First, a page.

Oct 2, 2016 - Episode 450 - Show Notes

Oct 2, 2016 - Episode 450

Sunday Oct 2, 2016 (01:21:27)


This week, BlackBerry gives up devices, Microsoft announces protections and Twitch changes up advertising.


Scott Ertz


Scott is a developer who has worked on projects of varying sizes, including all of the PLUGHITZ Corporation properties. He is also known in the gaming world for his time supporting the rhythm game community, through DDRLover and hosting tournaments throughout the Tampa Bay Area. Currently, when he is not working on software projects or hosting F5 Live: Refreshing Technology, Scott can often be found returning to his high school days working with the Foundation for Inspiration and Recognition of Science and Technology (FIRST), mentoring teams and helping with ROBOTICON Tampa Bay. He has also helped found a student software learning group, the ASCII Warriors, currently housed at AMRoC Fab Lab.

Avram Piltch


Avram's been in love with PCs since he played original Castle Wolfenstein on an Apple II+. Before joining Tom's Hardware, for 10 years, he served as Online Editorial Director for sister sites Tom's Guide and Laptop Mag, where he programmed the CMS and many of the benchmarks. When he's not editing, writing or stumbling around trade show halls, you'll find him building Arduino robots with his son and watching every single superhero show on the CW.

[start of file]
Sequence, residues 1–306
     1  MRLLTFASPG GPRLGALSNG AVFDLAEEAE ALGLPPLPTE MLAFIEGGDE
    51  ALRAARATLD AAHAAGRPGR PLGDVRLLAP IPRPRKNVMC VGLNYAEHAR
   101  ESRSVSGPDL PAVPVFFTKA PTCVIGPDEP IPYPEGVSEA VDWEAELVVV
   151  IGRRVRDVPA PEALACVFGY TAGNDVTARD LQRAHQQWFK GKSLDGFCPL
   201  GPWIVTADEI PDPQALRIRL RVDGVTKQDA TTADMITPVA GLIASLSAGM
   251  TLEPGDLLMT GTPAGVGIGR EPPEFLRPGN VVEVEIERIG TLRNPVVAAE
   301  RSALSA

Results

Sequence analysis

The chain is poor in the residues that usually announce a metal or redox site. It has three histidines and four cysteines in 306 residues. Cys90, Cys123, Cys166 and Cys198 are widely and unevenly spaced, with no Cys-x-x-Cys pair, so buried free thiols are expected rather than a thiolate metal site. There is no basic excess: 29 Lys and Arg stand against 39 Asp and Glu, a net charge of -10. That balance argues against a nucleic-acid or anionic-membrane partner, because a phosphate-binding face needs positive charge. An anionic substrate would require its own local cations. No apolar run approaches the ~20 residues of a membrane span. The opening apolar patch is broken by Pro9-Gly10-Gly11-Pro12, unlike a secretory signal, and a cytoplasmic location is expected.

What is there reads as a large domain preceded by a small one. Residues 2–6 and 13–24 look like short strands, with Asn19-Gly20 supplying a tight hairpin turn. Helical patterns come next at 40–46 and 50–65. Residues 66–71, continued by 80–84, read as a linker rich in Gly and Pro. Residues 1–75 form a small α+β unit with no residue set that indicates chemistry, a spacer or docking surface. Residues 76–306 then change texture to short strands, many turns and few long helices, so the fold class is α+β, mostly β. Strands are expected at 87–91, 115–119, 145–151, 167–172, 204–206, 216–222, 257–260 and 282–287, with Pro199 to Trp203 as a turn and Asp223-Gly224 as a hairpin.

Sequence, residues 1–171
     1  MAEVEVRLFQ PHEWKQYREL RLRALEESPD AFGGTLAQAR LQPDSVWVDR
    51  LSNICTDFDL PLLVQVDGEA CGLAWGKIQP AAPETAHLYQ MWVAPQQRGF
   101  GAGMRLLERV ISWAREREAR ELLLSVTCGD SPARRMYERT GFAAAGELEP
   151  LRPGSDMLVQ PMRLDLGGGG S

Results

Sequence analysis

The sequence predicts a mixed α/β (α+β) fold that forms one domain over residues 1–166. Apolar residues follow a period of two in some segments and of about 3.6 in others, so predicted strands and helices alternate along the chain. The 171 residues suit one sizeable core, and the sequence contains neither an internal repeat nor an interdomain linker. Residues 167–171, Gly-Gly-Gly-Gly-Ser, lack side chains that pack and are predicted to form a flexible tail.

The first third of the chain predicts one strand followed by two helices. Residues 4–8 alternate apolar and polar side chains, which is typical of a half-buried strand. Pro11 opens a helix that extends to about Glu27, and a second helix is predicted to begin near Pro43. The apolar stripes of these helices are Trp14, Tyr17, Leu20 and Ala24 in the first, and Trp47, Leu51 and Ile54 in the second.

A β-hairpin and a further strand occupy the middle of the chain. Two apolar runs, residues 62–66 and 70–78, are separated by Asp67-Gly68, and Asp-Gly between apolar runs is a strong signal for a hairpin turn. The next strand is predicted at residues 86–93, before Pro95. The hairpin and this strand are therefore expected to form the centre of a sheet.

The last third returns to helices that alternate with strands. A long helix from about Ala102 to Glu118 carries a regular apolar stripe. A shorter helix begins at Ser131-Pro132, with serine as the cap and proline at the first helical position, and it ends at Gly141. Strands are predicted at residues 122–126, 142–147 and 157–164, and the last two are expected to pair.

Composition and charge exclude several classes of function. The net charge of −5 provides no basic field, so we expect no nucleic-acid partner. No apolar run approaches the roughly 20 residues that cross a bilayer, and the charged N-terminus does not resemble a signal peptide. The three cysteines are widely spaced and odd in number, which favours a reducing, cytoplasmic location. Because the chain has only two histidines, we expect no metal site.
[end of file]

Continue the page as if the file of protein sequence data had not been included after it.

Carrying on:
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News From the Tubes

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Microsoft Introduces New Feature to Protect Edge Users

The Internet is a scary and dangerous place. Ads served by networks like Google appear to be legitimate, but take you to downloads to steal your information or destroy your computer. Links shared on Facebook and Twitter appear to be news articles, but are actually serving malicious content. If you aren't paying attention, it can be easy to screw up your machine, and web browsers are the source of all of that turmoil.

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Twitch Ditches Premium Tier, Introduces Twitch Prime

Since before Twitch was its own platform, the service has been advertising-based. Either you could be a free member and watch ads occasionally, or you could be a premium member for $9 per month and have the ads removed. This has been a winning feature, adopted by services like Hulu and YouTube. That concept is coming to an end for Twitch, however, at least as it is known today.


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